Susceptibility pattern of pseudomonas aeruginosa against various antibiotics


Farida Anjum and Asif Mir*

To determine current trends of antibiotic resistance among clinically significant pseudomonas aeruginosa strains causing various nosocomial and community acquired infections. A total of 100 clinical isolates of P. aeruginosa from inpatient and outpatient were studied from June 2008 to May 2009 for its prevalence and susceptibility profiles. Most of the isolates were from pus followed by urine, sputum, blood, ear swab and catheter tip. Uropathogenic P. aeruginosa infections were higher in females than males, ratio was found more among young and elderly debilitated patients. Ciprofloxacin, Piperacillin, Imipenem were found more effective for treatment of infections in outpatients but for inpatients, parental therapy with newer aminoglycosides and third and forth generation cephalosporins need to be advocated as the P. aeruginosa causing nosocomial infections exhibits a high degree of drug resistance. Ninety nine percent of the clinical isolates were resistant to six commonly used antibiotics with highest resistance to ampicillin (100%) and cefuroxime (100%) followed by amoxycillin (99%), co-trimoxazole (99%), Tetracycline (99%), Cefazoline (99%). The in vitro sensitivity pattern of 100 isolates of P. aeruginosa showed highest sensitivity to imipenem (97%) followed by amikacin (79%), tobramycin (70%), ceftazidime (62%), ciprofloxacin (73%), cefoperazone (60%), piperacillin (65%), Gentamycin (34%) and Cefotaxime (14%). ESBLs producing strains (33%) were also less in number but were much more resistant to -lactam and other antibiotics. The results indicate that P. aeruginosa is the most common gram -negative bacterium responsible for the nosocomial as well as community acquired infections. The excessive use of antibiotics has not only led to treat the P. aeruginosa infections but also the emergence of antibiotic resistance. The development of multidrug resistant P. aeruginosa is currently one of the greatest challenges to the effective management of infections. This suggests that in addition to curative measures promptly preventive measures such as hygienic as well as better hospital and postoperative care in administration should be adopted.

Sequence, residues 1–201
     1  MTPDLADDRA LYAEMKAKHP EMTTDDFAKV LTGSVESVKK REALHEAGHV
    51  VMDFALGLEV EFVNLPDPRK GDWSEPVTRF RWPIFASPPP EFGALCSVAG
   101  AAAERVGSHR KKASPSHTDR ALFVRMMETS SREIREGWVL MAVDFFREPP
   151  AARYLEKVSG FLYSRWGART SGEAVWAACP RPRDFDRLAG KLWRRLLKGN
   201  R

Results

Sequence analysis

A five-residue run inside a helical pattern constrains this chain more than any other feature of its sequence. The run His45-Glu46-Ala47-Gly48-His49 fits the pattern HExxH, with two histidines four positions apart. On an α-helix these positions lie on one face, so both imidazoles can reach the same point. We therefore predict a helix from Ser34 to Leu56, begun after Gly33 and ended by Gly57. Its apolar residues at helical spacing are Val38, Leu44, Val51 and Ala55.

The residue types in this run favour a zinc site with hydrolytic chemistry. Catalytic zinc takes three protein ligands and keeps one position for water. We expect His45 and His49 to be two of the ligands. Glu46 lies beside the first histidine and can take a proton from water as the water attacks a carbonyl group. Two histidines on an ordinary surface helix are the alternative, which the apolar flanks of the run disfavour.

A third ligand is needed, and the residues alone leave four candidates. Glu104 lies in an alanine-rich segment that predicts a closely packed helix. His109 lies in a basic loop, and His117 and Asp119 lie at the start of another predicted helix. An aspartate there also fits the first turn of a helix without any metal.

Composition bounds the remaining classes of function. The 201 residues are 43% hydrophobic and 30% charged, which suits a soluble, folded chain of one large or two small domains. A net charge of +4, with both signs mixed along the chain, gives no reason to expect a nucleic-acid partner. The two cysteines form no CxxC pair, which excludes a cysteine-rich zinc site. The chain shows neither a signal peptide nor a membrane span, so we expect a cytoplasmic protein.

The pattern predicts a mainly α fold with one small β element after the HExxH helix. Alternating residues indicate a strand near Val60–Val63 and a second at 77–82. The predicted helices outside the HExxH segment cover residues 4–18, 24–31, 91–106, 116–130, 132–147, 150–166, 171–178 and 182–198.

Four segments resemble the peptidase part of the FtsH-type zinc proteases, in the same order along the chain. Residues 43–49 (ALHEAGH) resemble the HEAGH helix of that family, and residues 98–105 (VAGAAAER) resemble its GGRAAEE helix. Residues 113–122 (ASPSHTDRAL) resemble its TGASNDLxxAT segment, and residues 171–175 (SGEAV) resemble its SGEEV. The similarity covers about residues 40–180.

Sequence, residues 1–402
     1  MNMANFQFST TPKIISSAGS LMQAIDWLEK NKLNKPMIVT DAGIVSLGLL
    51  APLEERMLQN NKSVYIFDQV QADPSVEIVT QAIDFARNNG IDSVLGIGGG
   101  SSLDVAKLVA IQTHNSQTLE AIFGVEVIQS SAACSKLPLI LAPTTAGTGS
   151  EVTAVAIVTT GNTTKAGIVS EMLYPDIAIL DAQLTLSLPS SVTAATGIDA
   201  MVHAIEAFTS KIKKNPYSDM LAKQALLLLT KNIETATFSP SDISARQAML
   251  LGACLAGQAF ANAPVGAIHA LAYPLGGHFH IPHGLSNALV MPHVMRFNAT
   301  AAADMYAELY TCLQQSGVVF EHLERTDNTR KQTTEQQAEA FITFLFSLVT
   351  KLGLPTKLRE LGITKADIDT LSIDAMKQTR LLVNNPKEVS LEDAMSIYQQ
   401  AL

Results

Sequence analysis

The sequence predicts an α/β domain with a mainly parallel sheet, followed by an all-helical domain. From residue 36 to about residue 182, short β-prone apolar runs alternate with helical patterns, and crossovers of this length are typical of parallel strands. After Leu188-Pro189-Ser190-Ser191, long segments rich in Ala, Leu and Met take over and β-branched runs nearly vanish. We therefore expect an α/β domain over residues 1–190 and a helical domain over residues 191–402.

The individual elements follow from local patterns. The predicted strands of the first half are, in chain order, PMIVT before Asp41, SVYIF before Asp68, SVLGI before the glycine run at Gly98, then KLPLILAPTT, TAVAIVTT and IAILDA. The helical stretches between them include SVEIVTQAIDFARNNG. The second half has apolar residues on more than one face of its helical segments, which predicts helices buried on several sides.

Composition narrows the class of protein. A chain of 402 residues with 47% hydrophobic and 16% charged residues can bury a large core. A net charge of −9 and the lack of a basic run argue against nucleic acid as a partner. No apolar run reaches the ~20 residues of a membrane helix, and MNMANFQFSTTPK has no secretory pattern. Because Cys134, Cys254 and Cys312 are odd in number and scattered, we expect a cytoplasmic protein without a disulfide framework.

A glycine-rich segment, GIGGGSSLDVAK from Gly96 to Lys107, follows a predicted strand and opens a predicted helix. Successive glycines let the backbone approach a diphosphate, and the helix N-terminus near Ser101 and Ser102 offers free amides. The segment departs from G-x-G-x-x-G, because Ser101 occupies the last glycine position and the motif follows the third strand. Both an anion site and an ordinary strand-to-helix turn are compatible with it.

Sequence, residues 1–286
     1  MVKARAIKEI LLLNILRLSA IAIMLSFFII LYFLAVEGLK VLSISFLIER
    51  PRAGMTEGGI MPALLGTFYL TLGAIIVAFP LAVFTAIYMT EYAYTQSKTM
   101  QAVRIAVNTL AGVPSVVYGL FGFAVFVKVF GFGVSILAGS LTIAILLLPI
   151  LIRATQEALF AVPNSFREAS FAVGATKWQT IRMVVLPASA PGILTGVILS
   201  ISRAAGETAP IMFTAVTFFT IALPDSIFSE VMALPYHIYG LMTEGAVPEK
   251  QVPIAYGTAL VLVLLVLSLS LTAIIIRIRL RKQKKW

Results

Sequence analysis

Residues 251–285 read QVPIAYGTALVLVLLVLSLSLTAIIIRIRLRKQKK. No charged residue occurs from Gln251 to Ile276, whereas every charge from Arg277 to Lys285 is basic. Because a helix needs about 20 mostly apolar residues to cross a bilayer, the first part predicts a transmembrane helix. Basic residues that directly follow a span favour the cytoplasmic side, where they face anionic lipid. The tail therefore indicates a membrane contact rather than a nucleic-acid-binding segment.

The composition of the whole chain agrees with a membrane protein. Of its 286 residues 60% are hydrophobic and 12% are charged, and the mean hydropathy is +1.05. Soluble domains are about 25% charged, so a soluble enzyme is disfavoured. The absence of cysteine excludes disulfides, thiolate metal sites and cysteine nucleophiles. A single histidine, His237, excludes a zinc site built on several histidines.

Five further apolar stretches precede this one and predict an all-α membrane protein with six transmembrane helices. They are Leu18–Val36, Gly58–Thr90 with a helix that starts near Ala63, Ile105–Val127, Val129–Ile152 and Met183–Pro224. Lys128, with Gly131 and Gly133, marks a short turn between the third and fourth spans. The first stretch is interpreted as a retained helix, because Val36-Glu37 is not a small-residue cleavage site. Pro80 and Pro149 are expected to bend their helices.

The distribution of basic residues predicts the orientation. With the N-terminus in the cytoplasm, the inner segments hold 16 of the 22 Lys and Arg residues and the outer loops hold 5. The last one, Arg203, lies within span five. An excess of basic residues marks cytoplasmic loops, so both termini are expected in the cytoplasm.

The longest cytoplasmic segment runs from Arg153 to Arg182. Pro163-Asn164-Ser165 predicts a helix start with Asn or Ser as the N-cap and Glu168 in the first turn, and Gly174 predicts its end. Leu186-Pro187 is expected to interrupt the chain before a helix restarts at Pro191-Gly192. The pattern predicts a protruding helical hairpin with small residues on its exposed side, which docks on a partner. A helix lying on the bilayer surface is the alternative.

Share this article

Awards Nomination

Select your language of interest to view the total content in your interested language

Indexed In
  • Index Copernicus
  • Google Scholar
  • Sherpa Romeo
  • Open J Gate
  • Directory of Open Access Journals
  • CiteFactor
  • Electronic Journals Library
  • Directory of Research Journal Indexing (DRJI)
  • OCLC- WorldCat
  • Publons
  • PubMed
  • Rootindexing
  • Chemical Abstract Services (USA)
  • Academic Resource Index